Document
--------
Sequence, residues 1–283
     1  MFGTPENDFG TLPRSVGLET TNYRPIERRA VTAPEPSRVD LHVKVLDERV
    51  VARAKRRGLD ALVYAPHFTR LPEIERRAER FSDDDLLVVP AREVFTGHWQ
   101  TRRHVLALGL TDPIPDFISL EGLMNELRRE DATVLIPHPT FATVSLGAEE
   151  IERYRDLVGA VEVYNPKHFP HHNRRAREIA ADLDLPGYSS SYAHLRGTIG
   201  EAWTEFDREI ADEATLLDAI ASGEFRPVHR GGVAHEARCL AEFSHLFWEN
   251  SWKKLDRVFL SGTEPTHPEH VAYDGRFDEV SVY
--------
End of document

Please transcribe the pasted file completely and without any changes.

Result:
Sequence, residues 1–283
     1  MFGTPENDFG TLPRSVGLET TNYRPIERRA VTAPEPSRVD LHVKVLDERV
    51  VARAKRRGLD ALVYAPHFTR LPEIERRAER FSDDDLLVVP AREVFTGHWQ
   101  TRRHVLALGL TDPIPDFISL EGLMNELRRE DATVLIPHPT FATVSLGAEE
   151  IERYRDLVGA VEVYNPKHFP HHNRRAREIA ADLDLPGYSS SYAHLRGTIG
   201  EAWTEFDREI ADEATLLDAI ASGEFRPVHR GGVAHEARCL AEFSHLFWEN
   251  SWKKLDRVFL SGTEPTHPEH VAYDGRFDEV SVY